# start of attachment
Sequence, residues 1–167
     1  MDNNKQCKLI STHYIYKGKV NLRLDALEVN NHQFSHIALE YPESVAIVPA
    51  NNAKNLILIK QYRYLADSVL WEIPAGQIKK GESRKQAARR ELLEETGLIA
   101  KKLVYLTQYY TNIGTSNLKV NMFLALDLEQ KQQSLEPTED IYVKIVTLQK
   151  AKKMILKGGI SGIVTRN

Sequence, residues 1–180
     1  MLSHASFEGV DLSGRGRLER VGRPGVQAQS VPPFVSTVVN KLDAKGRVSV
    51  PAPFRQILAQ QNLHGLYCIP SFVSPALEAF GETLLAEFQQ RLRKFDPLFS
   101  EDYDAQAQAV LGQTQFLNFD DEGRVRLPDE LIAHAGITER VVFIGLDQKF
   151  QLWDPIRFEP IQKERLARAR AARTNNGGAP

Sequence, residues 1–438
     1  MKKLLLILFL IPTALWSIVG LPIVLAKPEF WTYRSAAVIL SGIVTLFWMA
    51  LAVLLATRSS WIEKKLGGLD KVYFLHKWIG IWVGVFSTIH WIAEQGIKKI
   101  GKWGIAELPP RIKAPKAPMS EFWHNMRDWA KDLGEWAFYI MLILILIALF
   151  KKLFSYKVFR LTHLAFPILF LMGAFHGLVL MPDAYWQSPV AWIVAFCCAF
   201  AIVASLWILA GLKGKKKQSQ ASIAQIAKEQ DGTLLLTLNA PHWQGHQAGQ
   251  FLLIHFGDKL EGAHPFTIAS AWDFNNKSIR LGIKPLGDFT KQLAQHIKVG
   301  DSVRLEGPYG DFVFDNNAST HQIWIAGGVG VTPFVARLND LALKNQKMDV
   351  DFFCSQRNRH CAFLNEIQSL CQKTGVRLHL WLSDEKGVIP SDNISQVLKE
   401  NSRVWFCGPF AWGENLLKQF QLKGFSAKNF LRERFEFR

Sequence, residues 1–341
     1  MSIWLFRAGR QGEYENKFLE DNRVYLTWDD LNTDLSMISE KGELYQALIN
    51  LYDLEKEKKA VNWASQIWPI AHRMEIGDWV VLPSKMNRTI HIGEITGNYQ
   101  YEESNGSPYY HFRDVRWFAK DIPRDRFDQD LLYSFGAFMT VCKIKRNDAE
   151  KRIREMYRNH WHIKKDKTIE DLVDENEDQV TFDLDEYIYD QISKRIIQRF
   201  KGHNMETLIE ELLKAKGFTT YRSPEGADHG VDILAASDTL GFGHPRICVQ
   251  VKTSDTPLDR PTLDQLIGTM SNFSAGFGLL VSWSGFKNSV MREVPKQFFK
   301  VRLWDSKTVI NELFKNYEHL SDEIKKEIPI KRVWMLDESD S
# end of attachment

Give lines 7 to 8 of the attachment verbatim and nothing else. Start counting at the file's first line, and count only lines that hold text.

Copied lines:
     1  MLSHASFEGV DLSGRGRLER VGRPGVQAQS VPPFVSTVVN KLDAKGRVSV
    51  PAPFRQILAQ QNLHGLYCIP SFVSPALEAF GETLLAEFQQ RLRKFDPLFS